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Volume 13 - Issue 7- April 2008

VOCAL AND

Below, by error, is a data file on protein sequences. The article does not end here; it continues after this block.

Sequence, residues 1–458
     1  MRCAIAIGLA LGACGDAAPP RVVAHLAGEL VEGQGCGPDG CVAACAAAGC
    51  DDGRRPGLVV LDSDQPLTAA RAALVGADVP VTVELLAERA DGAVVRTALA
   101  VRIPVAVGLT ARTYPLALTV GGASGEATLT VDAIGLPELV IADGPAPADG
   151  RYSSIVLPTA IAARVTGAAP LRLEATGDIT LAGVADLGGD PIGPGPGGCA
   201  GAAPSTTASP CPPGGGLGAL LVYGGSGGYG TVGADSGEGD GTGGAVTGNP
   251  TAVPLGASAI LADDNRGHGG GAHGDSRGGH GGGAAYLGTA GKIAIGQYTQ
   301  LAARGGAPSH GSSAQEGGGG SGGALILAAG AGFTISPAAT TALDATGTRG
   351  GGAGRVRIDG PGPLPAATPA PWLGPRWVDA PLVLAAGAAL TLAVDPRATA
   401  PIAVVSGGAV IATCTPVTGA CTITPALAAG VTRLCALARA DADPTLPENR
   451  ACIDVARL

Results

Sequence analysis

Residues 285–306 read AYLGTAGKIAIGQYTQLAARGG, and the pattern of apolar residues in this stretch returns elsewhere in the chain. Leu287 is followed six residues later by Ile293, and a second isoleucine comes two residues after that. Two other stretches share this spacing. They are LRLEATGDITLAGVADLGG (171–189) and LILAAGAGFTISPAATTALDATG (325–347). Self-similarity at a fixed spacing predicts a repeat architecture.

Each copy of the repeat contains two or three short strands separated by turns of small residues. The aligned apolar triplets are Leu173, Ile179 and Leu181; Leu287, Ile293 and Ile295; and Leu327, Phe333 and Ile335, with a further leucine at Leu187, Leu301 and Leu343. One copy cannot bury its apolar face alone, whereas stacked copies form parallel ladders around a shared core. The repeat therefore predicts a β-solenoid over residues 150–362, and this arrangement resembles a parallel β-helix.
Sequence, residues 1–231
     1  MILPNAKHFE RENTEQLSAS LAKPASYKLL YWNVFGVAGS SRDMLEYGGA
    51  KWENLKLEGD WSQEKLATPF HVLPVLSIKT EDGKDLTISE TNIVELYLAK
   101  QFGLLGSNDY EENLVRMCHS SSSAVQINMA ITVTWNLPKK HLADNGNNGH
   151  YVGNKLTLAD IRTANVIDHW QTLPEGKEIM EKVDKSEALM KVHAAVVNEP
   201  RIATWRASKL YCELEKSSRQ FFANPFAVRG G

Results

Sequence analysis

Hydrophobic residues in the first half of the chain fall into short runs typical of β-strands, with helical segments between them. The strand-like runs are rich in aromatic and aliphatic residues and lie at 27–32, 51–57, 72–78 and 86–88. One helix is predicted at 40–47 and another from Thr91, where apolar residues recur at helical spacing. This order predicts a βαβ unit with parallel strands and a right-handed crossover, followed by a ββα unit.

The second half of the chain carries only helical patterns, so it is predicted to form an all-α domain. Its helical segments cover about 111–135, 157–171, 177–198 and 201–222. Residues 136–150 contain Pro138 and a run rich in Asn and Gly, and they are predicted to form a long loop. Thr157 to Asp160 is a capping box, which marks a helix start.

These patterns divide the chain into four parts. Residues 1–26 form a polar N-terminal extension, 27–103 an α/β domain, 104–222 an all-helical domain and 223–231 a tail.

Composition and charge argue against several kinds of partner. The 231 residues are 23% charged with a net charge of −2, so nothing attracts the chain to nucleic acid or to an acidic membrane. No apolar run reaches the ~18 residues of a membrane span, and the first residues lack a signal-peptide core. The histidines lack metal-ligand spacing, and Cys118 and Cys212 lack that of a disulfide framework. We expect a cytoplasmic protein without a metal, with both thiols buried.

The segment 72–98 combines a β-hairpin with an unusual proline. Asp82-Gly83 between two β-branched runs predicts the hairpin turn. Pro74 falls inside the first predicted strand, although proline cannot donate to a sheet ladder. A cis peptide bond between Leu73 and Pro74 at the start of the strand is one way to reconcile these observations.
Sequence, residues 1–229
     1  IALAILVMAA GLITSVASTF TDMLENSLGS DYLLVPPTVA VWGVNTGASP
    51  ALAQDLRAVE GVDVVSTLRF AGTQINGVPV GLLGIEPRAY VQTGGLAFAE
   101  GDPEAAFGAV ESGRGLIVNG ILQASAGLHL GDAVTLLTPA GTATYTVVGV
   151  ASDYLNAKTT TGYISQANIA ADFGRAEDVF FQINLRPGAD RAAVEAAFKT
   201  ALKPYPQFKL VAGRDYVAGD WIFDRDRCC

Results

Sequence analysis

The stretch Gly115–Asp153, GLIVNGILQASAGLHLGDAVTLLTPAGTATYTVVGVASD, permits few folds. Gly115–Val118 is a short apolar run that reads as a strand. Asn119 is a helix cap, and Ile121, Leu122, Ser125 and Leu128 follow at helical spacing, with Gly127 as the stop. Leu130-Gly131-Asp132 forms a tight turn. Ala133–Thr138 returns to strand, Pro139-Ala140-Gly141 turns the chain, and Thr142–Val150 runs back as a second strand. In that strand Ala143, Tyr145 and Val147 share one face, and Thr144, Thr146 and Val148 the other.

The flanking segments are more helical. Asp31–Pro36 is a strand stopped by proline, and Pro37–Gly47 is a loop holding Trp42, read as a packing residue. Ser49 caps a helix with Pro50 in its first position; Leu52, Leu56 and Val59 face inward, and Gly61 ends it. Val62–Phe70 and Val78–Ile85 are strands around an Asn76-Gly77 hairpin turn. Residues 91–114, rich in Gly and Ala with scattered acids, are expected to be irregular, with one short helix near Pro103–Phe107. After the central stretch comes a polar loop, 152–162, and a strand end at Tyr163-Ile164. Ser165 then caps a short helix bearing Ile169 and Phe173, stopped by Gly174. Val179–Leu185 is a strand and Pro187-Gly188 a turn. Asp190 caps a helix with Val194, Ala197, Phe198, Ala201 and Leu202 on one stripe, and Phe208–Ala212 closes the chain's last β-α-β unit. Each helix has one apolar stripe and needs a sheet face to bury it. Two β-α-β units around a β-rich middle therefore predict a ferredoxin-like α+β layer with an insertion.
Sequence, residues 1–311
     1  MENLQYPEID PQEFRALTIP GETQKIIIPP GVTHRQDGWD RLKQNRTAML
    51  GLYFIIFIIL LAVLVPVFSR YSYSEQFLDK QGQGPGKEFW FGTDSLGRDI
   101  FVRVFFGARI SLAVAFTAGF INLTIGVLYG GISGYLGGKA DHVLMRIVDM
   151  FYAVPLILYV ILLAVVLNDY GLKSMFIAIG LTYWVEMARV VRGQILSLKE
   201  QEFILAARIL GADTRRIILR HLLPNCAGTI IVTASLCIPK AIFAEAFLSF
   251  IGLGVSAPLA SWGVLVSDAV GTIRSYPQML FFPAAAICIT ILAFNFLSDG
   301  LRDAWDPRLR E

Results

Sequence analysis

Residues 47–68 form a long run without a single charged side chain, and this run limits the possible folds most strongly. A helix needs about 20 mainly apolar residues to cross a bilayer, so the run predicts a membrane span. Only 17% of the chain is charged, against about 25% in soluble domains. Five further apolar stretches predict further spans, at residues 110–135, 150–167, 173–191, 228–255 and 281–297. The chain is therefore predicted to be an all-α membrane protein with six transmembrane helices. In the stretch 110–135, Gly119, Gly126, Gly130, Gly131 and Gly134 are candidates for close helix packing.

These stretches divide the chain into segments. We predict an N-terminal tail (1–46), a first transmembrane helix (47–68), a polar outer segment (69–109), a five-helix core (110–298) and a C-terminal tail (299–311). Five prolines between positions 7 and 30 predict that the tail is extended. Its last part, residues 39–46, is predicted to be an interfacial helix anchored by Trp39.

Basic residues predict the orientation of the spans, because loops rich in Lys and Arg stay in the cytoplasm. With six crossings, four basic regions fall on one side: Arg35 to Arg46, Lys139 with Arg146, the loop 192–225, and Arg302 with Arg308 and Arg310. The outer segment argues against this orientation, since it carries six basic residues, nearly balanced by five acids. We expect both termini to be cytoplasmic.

VOCAL AND OPERATICBellini - I PuritaniAnna Netrebko; Eric Cutler;Franco Vassallo; John Relyea;Metropolitan Opera Orchestra,Chorus and Ballet; Patrick SummersDeutsche Grammophon 0734221This DVD of Bellini's I Puritani from theMetropolitan Opera in New York preserves alive telecast that wasbroadcast to movietheatres around the worldlast year. More than mostoperas, I Puritanidemands beautiful singing,and the Met delivers hereand on all fronts. Theproduction was mountedfor the Russian sopranoAnna Netrebko, one of thebiggest names in opera.Singing the role of Elvira, Netrebko has thecomplete package: good looks, natural actingability, but most importantly, a stunninglybeautiful voice and a sure command of it.N etrebko 's dark soprano is not the perfectmatch for Bellini - her tri I ls are poor, her highnotes blunt, and her coloratura heavy-handed.But her dramatic conviction and gorgeous tonecarry her through - there is never anunexciting moment when she is onstage.Eric Cutler sings the impossibly high tenorrole of Arturo with grace and ease, and hasenough dramatic credibility to not beovershadowed by Netrebko. Canadian bassbaritoneJohn Relyea makes a strongimpression as Elvira's uncle Giorgio, whileFranco Vassallo is elegant though bland asArturo's rival Riccardo. The traditional setsand costumes are grandiose and pleasant tolook at if somewhat muted. But this is reallythe singers' show, and the excellentcamerawork, the staging, and PatrickSummers' conducting of the orchestra all allowthe superb cast to shine. Bonuses, from theoriginal broadcast, include Renee Fleminginterviewing Netrebko and commentary fromthe late Beverly Sills.Seth EstrinTchaikovsky - Eugene OneginRenee Fleming; Elena Zaremba;Ramon Vargas; Dmitri Hvorostovsky;Metropolitan Opera Chorus andOrchestra; Valery GergievDecca DVD 0743248This performance of Eugene Onegin,broadcast Jive to movie theatres last springfrom the Metropolitan Opera, is one thatdeserves all the hype accompanying these Metbroadcasts. The international cast is anchoredby superb Russian singers. Larisa Shevchenkois touching as Tatiana's nurse, Elena Zaremba62formidable but convincingas Tatiana's thoughtlesssister Olga, SvetlanaVolkova elegant asTatiana's mother, andSergeiAleksashkin movingas Tatiana's elderlyhusband, Prince Gremin.Dmitri Hvorostovskyis ideal as the brooding,world-weary Onegin. Hesings Tchaikovsky's melodies so lyrically thathe never seems to breathe. The closecamerawork reveals his fine acting skills,which often get overlooked because of hisdazzling appearance and gorgeous voice.Mexican tenor Ramon Vargas, as thedoomed poet Lenski, contributes nuancedrtalianate passion. As Tatania, Americansoprano Renee Fleming shows no sign of thegulping, breathy mannerisms that can plagueher performances. She is totally believable as avulnerable young girl in the famous Letterscene, and devastating as a somewhat olderwoman in the final scene.The exciting Russian conductor ValeryGergiev manages to rein in his notoriouslydriven speeds. Jn fact he goes too far with theplodding tempo he saddles on French tenorJean-Paul Fouchecourt as Tatiana's tutorTriquet. But the Met orchestra and chorusrespond to Gergiev splendidly throughout.This is a revival of the 1997 production bythe star Canadian team of director RobertCarsen and designer Michael Levine, withstylized dances set by Toronto-based Frenchchoreographer Serge Bennathan. The beautifulproduction is deceptively simple, with barewalls, leaves on the ground, artfully placedchairs, and sumptuous costumes.Pamela MarglesConcert note: The Canadian OperaCompany presents Eugene Onegin with BrettPolegato in the title role in performancesthroughout April, with direction and set designby Marco Arturo Marelli.Romanzo di Central ParkSongs by Charles IvesGerald Finley; Julius Drake;Magnus JohnstonHyperion CDA67644Mark-Anthony TurnageTwice Through the Heart;Hidden Love Song; The Torn FieldsSarah Connolly; Gerald Finley; LondonPhilharmonic Orchestra; Marin AlsopLP0-0031The baritone voice is frequently forgiven for itsshortcomings because of its relative rarity.Well, there is nothing to forgive in the case ofGerald Finley. The Ontario-born, Englandtrainedbaritone is fortunate enough to possessone of the finest voices in the world. I wasalways a bit suspicious of the term"mellifluous", frequently used by vocal musicreviewers, but here it is, a truly mellifluousWWW, THEWHOLENOTE.COMvoice. Mr. Finleycould sing, to stunningeffect, the YellowPages directory.Fortunately for us,this time he hasrecorded a secondCD of the songs byCharles Ives. Ivescomposed well over200 songs in hiscareer, but the mostrecognized are amongthe"ll4Songs",published in 1922.On manyoccasions, Iveswould re-adapt songs, changing the setting tobetter reflect a new text he found for it. Somesongs featured texts written by Ives himselfand many touched on very personal or familymoments. The songs, ranging from InFlanders Fields, a First World War anthem, toSlow March, depicting the funeral of a belovedfamily pet, frequently had their origins ininstrumental music composed entirely foranother occasion and genre. Ives remarked inhis autobiography: " ... singers made such afuss about interval, time, etc .... When they[songs] were arranged later for voice andpiano, they were weakened in many cases .... "He certainly would not have made such aremark had he ever heard this spectacularGerald Finley recording.Contemporary composers do not doubtFinley's talent- in fact, many vocal roles arecreated with him in mind. Such was the caseof Harry Heegan, the hero of Mark-AnthonyTumage's First World War opera, The SilverTassie. The Torn Fields is a song cycle thatgrew out of the opera, and the fourthmovement is a setting of Wounded by WilfredOwen, a poem that was the template for TheSilver Tassie. Yet another excellentperformance by Finley is paired with anequally spectacular one by Sarah Connelly.Twice Trough the Heart is a movingconfession ofa woman who killed her abusivehusband. In the verses of Jackie Kay, thewoman is trapped by her crime and by herrefusal to ta! k about the abuse she hadsuffered - thus condemning herself to a life inprison. The music of Turnage conveys heranguish as brilliantly as that of Poulenc did inLa Voix Humaine, a work that is its structuralsibling. Marin Alsop, easily one of the ten bestJiving conductors, deftly guides the LondonPhilharmonic through these simultaneouslybrand new and eerily familiar works.Robert TomasEARLY MUSIC ANDPERIOD PERFORMANCERoma TriumphansStudio de musique ancienne de Montreal;Christopher JacksonATMA SACD2 2507APRI L 1 - MAY 7 2008